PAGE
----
In animals, including humans, mothers supply eggs with the mRNAs and proteins that drive the critical early stages of development. These maternally supplied factors directly control early developmental processes, and establish trajectories for the rest of development. Altering the levels of maternally deposited factors in model organisms in the laboratory can have dramatic effects on development, and hence adult phenotypes. Despite the importance of these maternally supplied factors to the development and fitness of the organism, little is known about how they evolve. This is of particular interest, because genetic control over this period of development has to be coordinated across two different genomes, that of the mother and that of the zygote, a form of epistasis which may pose a particular challenge to evolution. The fly species in the genus Drosophila, with its rich diversity of species covering 50 million years of divergence time, provide a great model for such a study. The Drosophila system has the advantage of extensive catalogs of the mRNAs and proteins deposited by females of the model species D. melanogaster, and much research has gone into understanding the specific developmental and regulatory roles of many of these factors. Despite the extent of the previous work in D. melanogaster, we know very little about how these maternally derived factors vary across species. This work proposes to: 1) characterize the mRNA pools in embryos, both those deposited by the mother and those later transcribed by the zygote, within and between Drosophila species, using mRNA sequencing methods, 2) determine phylogenetic patterns and life-history correlates of maternal and zygotic mRNA pool changes, and 3) identify genetic mechanisms underlying the evolutionary turnover of mRNA pools within and between species. The goal of this project is to understand how these mRNA pools evolve, and what the effect of these changes will be on the developmental process and the fitness of the organism.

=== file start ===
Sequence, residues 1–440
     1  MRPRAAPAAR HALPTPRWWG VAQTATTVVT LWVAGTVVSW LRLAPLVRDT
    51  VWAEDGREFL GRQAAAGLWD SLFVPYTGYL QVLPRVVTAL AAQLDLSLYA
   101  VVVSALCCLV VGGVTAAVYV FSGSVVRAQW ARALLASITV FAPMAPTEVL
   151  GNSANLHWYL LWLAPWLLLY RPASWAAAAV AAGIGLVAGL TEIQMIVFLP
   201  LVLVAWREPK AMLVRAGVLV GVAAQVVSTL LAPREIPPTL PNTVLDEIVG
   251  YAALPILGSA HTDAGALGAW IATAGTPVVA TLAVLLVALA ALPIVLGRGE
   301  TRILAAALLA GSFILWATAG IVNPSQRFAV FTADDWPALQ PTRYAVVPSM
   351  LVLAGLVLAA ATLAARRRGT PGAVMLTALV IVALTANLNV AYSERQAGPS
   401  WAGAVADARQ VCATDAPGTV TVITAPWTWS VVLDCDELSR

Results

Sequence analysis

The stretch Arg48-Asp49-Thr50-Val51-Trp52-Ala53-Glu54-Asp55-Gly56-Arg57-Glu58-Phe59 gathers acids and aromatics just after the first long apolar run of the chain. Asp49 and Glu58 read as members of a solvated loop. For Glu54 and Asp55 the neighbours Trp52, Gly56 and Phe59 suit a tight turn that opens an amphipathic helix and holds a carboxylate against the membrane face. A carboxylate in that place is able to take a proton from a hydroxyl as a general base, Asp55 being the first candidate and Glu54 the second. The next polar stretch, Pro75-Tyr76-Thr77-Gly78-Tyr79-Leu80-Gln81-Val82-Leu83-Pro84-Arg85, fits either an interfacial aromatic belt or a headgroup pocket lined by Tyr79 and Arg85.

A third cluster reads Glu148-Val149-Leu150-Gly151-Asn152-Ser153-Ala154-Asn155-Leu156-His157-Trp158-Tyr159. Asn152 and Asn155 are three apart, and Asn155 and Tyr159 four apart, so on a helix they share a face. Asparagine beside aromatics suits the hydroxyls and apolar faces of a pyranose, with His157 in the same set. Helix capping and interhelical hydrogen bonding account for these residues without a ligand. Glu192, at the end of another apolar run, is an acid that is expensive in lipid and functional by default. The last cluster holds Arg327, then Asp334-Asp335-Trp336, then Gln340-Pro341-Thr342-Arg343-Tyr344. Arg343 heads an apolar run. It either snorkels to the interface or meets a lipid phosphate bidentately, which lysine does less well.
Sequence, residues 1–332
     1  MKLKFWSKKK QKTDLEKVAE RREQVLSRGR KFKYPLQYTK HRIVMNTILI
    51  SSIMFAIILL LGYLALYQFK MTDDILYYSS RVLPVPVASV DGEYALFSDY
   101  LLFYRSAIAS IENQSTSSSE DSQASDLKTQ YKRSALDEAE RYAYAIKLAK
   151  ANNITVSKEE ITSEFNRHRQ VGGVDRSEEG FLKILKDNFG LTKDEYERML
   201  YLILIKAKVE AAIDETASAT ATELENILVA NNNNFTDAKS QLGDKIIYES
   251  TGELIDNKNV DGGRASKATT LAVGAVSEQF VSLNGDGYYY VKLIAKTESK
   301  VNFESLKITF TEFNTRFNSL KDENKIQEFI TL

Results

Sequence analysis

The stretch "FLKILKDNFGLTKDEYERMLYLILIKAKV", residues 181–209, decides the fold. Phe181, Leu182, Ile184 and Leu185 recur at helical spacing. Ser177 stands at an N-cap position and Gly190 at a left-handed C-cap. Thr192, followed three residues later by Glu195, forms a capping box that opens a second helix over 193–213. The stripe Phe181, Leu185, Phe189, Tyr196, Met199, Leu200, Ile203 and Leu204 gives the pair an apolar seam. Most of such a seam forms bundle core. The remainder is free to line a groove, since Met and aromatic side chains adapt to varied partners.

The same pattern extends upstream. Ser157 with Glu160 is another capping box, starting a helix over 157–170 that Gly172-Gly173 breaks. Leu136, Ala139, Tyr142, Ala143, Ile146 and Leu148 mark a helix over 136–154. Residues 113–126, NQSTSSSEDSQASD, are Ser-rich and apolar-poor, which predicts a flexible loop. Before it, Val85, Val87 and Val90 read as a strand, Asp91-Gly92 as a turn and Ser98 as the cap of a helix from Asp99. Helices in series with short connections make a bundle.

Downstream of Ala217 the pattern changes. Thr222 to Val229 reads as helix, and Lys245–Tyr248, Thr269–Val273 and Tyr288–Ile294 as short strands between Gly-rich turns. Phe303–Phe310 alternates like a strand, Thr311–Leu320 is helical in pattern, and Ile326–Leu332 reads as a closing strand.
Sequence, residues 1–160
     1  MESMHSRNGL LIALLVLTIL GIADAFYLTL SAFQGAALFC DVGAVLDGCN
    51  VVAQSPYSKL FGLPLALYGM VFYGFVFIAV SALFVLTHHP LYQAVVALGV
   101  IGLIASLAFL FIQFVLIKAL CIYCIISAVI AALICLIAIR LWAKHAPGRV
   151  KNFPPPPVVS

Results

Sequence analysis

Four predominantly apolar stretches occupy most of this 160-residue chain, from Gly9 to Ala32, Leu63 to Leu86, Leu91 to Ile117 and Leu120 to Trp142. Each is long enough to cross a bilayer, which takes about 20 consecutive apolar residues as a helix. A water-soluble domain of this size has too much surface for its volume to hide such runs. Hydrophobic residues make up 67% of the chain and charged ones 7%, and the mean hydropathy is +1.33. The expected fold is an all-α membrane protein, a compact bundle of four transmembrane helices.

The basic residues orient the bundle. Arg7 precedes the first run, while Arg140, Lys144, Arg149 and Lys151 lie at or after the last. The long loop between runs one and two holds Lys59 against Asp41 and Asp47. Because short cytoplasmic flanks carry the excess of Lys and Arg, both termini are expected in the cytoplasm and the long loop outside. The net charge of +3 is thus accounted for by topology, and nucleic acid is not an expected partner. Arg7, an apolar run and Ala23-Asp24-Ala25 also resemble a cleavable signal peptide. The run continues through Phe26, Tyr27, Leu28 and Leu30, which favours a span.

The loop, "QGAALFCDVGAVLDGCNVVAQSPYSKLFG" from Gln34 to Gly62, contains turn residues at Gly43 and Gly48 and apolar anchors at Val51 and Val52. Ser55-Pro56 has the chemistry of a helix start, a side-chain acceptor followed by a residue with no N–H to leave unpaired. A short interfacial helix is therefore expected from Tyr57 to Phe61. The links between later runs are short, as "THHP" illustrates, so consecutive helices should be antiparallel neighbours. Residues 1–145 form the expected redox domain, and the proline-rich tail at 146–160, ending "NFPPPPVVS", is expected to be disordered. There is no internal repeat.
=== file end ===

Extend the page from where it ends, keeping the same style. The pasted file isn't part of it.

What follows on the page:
In animals, including humans, the critical early stages of development are driven almost entirely by gene products placed into the egg by the mother, which directly control early embryonic processes and establish trajectories for the rest of development. Despite the importance of these factors to the development and fitness of the organism, little is known about how they change over evolutionary time. This project will characterize changes in maternally deposited gene products over evolutionary time, and what the underlying genetic basis of these changes are so we can determine how they evolve.